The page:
Gallons Gallons 9. 9 1 0. l 124 101 78 65 9. 8 2 0. 25 138 92 79 9. 9 2 0.125 146 124 101 87 10.0 2 0.05 156 134 112 98 10. 0 none 176 153 129 116 1 Catalyst: 25% solution of caustic soda in water.
9 Catalyst: 5% solution of caustic soda in water.
In general, in the preparation of the first liquid partial condensation product, the preferred alkylated phenol to use is a cresol or a mixture of them, such as cresylic acid. Other alkylated phenols may be used in similar manner. If desired, phenol itself may be substituted for a part of the alkylated phenol in the first liquid and a part of the paraformaldehyde can be replaced by formaldehyde, the amount of HCHO being not less than about 2.25 moles per mole of alkylated phenol calculated as cresol. In the second liquid, the use of dihydroxybenzene (resorcinol), as described, gives the best results. The substitution of phloroglucinol (1,3,5-trihydoxybenzene) for resorcinol reduces the amount of sodium hydroxide catalyst required. On the other hand, resorcinol is more soluble in the phenol-formaldehyde resinous liquid than the other polyhydroxybenzenes and is generally preferred. The amount of polyhydroxybenzene used is preferably not less than about 0.67 mole per mole of phenol and the amount of formaldehyde about 1.5 moles per mole of phenol.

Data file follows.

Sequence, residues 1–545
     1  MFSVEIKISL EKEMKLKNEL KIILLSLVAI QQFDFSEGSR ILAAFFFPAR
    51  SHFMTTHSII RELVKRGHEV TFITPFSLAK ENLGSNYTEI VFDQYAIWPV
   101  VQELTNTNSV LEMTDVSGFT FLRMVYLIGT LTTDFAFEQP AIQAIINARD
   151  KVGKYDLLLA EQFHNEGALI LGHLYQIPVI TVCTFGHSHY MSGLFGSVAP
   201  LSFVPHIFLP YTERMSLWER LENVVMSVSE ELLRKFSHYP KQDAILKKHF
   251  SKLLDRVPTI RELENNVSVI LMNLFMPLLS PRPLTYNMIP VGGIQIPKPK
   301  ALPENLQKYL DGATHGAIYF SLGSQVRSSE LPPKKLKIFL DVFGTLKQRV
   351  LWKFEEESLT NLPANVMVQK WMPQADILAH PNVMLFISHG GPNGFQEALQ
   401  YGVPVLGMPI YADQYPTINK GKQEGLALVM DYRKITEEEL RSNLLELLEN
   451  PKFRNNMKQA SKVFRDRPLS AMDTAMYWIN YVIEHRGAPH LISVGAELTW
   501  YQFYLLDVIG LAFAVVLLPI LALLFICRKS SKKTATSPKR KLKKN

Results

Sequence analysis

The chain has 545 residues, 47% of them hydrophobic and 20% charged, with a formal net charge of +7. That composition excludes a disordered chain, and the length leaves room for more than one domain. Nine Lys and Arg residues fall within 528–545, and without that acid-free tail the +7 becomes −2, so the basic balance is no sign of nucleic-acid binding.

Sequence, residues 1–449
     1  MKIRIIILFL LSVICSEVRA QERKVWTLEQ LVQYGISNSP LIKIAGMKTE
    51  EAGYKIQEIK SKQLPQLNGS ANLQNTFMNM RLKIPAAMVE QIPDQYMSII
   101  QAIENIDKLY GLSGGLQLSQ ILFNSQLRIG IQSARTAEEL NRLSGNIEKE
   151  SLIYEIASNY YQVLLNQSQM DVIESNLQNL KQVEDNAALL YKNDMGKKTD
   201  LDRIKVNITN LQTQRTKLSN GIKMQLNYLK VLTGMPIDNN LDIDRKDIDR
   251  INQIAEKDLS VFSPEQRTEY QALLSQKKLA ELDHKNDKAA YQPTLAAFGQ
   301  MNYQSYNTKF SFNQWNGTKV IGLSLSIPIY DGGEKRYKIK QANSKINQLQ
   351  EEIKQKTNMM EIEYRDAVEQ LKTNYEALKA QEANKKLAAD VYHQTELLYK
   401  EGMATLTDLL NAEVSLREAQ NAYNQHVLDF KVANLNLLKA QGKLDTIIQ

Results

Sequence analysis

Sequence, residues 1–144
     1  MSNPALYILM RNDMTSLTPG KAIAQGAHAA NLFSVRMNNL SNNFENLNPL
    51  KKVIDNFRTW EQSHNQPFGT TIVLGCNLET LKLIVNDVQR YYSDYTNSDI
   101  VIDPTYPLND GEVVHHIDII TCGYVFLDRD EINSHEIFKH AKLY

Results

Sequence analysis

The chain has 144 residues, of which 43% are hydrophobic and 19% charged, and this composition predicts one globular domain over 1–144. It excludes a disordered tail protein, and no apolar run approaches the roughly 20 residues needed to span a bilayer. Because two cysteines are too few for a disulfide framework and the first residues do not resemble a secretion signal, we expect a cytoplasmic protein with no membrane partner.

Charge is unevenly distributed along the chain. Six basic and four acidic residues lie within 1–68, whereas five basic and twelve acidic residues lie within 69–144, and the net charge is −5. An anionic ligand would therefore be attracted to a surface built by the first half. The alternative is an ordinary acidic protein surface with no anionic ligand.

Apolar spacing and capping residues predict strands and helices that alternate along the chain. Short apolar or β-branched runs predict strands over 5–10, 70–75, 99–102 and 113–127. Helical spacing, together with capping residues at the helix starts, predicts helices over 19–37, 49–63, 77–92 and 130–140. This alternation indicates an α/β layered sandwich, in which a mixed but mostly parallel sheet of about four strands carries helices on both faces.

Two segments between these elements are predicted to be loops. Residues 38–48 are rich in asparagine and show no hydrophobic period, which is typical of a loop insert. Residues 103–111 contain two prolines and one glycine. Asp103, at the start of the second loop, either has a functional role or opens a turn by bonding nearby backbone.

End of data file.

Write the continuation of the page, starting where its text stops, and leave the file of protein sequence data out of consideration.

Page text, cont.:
, As aforesaid, in addition to the alkali catalyst which promotes hardening of the coating mixture, another catalyst is also used which promotes the formation in the outer layer of the coating over the filler particles of a relatively tough protective skin. Catalysts for this purpose are various amines among which the following are illustrative: phenylethanolamine, di- Z-ethyl hexylamine, octylamine, hexylamine, heptylamine, and di-isoamylamine. After the alkali hardening catalyst has been incorporated in the coating resin and the coating resin has been applied to the filler particles, then the skinforming catalyst is added. The addition of the skin-forming catalyst can be made in the same mixer in which the coating mixture is applied to the filler particles as a continuation of that mixing operation.
In the following Table III, examples are given of mixing the alkali catalyst (25 per cent aqueous sodium hydroxide solution) with the coating mixture and coating particulated coke, as the filler, with the resulting mixture followed by applying a skin-forming catalyst, e. g. phenylethanolamine, to the coated filler particles, the amounts of the two catalysts being adjusted to suit the temperature at which the coated filler particles may be used.